WordPress vs. DNSExit vs. Cloudflare for DNS Management:
The recent move by Google to abandon their web domains division, selling their clients away to Squarespace without so much as a “by your leave, m’lord”, led to a decision to move my domain registry over to WordPress.
Why WordPress, and not Squarespace?
Well, I just didn’t like the way that deal happened. And I found the Squarespace site confounding to parse, and nail down pricing for services.
At WordPress, they made a generous offer for a free year’s hosting, and their rate matched the Goog’s $12/year per domain thereafter. They even rolled over my remaining paid months from Google, so I don’t owe them anything until summer of 2025! Nice!
But for all that economy, the migration was annoying on a number of counts.
So, what’s wrong with WordPress DNS?
First, the management of DNS at WordPress proved frustrating for a couple of reasons. I discovered that lengthy TXT records, like the 2048 bit DKIM record couldn’t be used there because of a Record limit of 255 characters. Really?! So I wasted an hour recomposing down to a 1024 bit DKIM record.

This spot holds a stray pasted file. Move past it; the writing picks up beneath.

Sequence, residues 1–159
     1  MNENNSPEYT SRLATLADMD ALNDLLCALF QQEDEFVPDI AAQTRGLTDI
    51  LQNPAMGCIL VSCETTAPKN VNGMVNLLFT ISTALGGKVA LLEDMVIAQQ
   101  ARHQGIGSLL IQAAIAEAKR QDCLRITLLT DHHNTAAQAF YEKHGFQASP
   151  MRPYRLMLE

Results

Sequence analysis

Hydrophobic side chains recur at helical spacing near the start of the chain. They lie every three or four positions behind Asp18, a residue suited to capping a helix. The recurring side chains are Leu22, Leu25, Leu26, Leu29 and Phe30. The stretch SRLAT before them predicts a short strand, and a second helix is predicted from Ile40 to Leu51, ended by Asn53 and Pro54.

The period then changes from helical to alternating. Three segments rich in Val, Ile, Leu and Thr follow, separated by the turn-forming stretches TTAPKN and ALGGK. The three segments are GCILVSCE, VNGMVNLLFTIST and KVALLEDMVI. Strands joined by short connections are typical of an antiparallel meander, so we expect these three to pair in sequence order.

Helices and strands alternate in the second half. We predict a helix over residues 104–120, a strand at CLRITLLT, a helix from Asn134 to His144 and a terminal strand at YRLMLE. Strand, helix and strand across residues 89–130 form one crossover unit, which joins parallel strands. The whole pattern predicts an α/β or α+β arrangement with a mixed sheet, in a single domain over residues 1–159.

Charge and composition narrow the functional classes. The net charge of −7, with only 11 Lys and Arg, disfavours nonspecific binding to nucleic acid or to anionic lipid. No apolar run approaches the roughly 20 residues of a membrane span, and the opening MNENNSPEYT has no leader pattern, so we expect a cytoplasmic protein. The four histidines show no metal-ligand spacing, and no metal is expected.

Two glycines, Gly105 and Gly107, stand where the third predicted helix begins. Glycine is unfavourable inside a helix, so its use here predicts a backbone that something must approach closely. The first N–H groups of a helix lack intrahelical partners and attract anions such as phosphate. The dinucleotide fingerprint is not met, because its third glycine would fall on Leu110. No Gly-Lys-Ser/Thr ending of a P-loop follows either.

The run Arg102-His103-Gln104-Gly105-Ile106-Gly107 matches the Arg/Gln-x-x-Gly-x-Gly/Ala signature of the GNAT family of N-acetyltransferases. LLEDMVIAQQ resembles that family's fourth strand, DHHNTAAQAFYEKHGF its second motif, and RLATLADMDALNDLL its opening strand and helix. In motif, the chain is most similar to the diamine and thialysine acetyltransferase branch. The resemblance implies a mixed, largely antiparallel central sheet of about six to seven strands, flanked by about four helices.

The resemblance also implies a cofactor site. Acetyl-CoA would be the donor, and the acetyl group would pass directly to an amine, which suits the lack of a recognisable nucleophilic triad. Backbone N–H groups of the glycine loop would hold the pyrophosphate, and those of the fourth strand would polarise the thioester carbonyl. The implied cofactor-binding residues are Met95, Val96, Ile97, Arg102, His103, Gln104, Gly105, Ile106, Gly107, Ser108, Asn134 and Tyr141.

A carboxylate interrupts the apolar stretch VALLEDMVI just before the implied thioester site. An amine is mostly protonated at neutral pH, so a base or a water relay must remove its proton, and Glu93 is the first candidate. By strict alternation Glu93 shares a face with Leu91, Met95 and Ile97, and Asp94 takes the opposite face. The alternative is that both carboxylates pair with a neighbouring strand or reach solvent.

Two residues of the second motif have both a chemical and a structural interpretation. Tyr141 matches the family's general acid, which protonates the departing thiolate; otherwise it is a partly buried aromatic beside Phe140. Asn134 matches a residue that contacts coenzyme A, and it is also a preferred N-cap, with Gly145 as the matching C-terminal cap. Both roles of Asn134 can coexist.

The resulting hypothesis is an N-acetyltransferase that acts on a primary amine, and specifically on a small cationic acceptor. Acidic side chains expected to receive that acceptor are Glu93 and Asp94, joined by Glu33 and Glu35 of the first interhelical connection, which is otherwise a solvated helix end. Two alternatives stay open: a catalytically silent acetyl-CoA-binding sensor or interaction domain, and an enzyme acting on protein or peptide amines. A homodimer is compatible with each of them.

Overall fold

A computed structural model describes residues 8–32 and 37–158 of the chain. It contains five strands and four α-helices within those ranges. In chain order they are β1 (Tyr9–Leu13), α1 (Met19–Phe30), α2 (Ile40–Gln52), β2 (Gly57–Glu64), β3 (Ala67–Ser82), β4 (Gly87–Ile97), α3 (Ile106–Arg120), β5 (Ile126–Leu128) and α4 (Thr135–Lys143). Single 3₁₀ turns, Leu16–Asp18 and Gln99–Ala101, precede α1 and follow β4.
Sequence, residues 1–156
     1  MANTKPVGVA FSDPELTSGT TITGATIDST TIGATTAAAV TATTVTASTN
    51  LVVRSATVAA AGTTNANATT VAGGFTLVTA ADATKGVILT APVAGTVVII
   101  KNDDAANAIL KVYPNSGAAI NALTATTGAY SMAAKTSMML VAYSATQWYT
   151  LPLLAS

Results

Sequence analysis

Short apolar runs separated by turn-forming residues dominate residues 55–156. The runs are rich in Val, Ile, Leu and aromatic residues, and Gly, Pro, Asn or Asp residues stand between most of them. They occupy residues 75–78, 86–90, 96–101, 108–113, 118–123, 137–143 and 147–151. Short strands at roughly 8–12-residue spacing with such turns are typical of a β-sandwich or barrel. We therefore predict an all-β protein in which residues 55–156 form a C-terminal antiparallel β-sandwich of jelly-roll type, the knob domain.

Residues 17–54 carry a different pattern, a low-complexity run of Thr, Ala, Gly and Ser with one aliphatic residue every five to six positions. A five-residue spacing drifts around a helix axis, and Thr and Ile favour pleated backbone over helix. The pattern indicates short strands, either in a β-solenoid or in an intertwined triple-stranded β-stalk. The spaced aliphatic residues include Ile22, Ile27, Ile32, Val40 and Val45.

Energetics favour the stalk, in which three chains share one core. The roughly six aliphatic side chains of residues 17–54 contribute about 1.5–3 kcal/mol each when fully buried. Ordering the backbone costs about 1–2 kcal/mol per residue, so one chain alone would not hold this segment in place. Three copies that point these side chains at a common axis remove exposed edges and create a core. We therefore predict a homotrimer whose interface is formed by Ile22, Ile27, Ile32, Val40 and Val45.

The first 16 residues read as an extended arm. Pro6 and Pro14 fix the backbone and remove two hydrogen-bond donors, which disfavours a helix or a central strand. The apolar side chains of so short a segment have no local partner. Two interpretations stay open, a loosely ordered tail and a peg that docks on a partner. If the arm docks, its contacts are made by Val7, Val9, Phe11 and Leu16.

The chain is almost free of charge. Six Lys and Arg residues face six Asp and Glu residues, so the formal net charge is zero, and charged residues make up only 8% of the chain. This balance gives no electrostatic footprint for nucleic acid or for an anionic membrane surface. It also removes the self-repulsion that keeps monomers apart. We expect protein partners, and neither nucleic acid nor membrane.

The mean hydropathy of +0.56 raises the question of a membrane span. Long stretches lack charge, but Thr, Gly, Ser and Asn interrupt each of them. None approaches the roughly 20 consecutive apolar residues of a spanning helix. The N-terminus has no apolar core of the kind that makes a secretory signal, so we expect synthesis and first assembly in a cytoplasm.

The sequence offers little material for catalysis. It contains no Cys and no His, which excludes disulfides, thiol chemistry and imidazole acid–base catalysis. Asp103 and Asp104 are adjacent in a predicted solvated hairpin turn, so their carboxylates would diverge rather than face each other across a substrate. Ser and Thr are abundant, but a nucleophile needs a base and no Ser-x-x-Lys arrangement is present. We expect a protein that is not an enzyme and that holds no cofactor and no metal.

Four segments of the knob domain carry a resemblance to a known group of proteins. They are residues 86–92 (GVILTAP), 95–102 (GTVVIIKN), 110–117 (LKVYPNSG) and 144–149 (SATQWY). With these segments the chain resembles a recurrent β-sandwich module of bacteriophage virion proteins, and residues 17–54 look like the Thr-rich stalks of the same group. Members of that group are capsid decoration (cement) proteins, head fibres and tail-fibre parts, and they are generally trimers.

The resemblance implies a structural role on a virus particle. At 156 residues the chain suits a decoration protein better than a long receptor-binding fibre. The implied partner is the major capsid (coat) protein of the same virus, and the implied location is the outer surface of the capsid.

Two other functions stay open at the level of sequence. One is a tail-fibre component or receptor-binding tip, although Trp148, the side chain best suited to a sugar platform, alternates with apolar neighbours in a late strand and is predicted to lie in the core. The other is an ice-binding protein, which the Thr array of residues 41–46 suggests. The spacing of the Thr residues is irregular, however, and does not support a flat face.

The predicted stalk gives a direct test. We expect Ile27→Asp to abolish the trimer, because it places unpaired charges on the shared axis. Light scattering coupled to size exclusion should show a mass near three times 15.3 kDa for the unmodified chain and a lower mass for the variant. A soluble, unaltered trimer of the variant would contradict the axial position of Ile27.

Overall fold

Wasted because I discovered that WordPress DNS had no means to accommodate Dynamic DNS updates. This was a total deal-breaker! All my effort at migrating DNS was a loss. I’d do better watching reruns of ‘Between Two Ferns’. I can’t imagine a DNS management host not covering that need!
The bottom line: WordPress is a good domain registry. And while very good at web hosting and support for their open-source content management tools… Well, they kind of suck at domain hosting and DNS tools.
DNSExit and Cloudflare:
For almost 15 years prior to moving my domain registry to Google, I managed DNS at DNSEXIT.com. And I’ve got to say, they were pretty fine in all respects. They have always offered a free DDNS api capable of updating an IP change, and email spooling to provide coverage for a downed email server.
I’ve also looked into and tried Cloudflare’s DNS hosting, and was impressed at the features they offer. Beyond their DDNS api, they permit crafting custom api’s for other needs. They also provide data caching to reduce your server loads, and proxied A, AAAA, and CNAME records, which allows Cloudflare to cache and guard requests to your site, and interdict DDoS attacks.
Both DNSExit and Cloudflare have free basic plans for DNS management. DNSExit is, if you ask me, the simpler and more intuitive to use, but then I did manage DNS with them for a very long time. They excel at email backup and related services. Cloudflare is more advanced at the scope of DNS services they offer, and hence has a steeper learning curve to implement them, but is well worth the effort.
Both are good choices moving forward if, like me, you’ve been expelled from the Goog’s domain!